Beyond feminism: Engaging men and localizing gender equality in Afghanistan

Kaweh Kerami


Life can be extremely hard in a war-torn, impoverished, underdeveloped country, and it can be far harder for women. I can tell this as a heterosexual, cisgender male born in Afghanistan who spent a significant part of his childhood under such conditions. "The worst country for women" often characterizes my country of birth, and the return of the Islamic fundamentalist Taliban to power may exacerbate the tragedy.


Before delving into gender equality, I feel obliged to acknowledge that my understanding of gender (in)equality stems from a privileged position of being a male coupled with the limited knowledge I have acquired about the subject matter. Neither do I claim to have experienced what women themselves have been going through. Despite this reservation, I believe gender inequality is also a men's issue and, therefore, I reject the exclusive, problematic contextualization of "women's issue." My belief does not stem from any well-meaning sexism, including notions such as 'women deserve men's sympathy' (which is patronizing on its own).


Instead, it stems from the idea that an equal society is beneficial both for men and women. While acknowledging women's historical struggles for gender equality and their achievements, I believe it is time to adopt a deliberative gender equality discourse beyond feminism to bring about change. By that, I emphasize the need for a more localized gender equality trajectory rather than, for example, feminism transfer to non-Western contexts.


'Are you a feminist?'


I recall my conversation with a journalist in Kabul (2019), in which she asked me whether I would call myself a feminist. Despite being a staunch supporter of gender equality, I hesitated to say yes. Neither was I ignorant of the misunderstandings about the popular concept, nor had I anything against fundamentalist feminists.


My caution about the utility of 'feminism' in contexts like Afghanistan had a functional value. I pondered to what extent the adoption of the concept of feminism (often perceived as an external project) in public discourse could effectively promote women's needs, re-evaluate the structure of gender roles and achieve gender equality in the highly challenging context. Women face systemic discrimination and human rights abuses in the war-torn, highly traditional society.


Violence against women is prevalent across the country. Since their return to power (August 15th), the Taliban have banned secondary school girls from pursuing education. This regression is just a blow to women and society's gains in the last two decades.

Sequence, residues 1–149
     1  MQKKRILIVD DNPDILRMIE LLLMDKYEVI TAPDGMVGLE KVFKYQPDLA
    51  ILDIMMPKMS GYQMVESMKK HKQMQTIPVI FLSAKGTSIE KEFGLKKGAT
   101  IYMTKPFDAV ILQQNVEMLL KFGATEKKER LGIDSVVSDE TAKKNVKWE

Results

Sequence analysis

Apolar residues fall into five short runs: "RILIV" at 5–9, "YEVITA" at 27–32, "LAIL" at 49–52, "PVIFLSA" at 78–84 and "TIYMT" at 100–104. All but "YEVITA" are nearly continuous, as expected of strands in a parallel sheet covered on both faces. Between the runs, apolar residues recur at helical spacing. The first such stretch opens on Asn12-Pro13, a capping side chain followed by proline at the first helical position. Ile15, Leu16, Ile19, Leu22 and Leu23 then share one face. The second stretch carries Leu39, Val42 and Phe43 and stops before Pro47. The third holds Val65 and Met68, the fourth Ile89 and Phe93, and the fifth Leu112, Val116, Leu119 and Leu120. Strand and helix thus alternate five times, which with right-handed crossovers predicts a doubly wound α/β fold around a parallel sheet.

If the Taliban eventually allow girls' education, a primary concern will be the educational content established by their regime. Given the fundamentalist nature of the Taliban, they will impose a curriculum that reinforces patriarchal mechanisms, perpetuating sexism. Shortly after their return to power, the Taliban said that women's rights would be respected 'within the framework of Islamic law.'


The fetishism of labeling


In Afghanistan, women are subsumed under different labels such as 'Muslim women' and 'Afghan women.' Given that language can produce the reality it names, 'Muslim women,' for example, must by necessity be forced to conform to the configurations of meanings associated with the concept of Islam. Despite how the Islamic laws are interpreted (and by who), the fetishism of labeling may obscure the living reality of the women (which is more complex and diverse than admitted).


Afghan feminism is not an alternative either. While feminism equates to women empowerment, the concept might be treated as alien to traditional society's gender norms and as an imperial-colonial project to disarm men of their informal rights/powers, mislead and corrupt "Afghan women," and promote the women's superiority. There is also a valid critique on feminism transfer. Western-style gender norms may not be functional in different socioeconomic and political contexts, especially not in highly challenging contexts like Afghanistan. This matter is what the international community should reflect on and take stock of it.


If external inventions are not wisely crafted, not only do they doom to failure, but they could also be counterproductive. The two-decadelong of the costly US-led efforts (2001-2021) have largely failed, partly due to context insensitive and ignorant interventions (e.g., ignoring social and cultural barriers). Such flawed interventions also disrupt the organic dialog and contestation among various local actors, which is needed to advance gender equality, albeit slow-paced and incremental.


Engaging men is the way forward.


Given the vulnerable position of women in the highly patriarchal society, it seems very difficult, if not impossible, that women alone could be the agents of change. It is where men could play an essential role in promoting gender equality.


For gender equality efforts to succeed, there is a need for a localized, inclusive approach embedded in a broader, supra-national regime. It requires reflecting on the roles that both domestic and external actors can play in effectively promoting women's needs at the local level and possibly facilitating the means for achieving those ends.


Instead of setting out ambitious goals that are often contradictory and short-termed, it is paramount to prioritize gender equality in education (e.g., improving girls' access to education). Doing so may strengthen women's economic independence by getting them into work and then gradually moving towards a (more) equal society.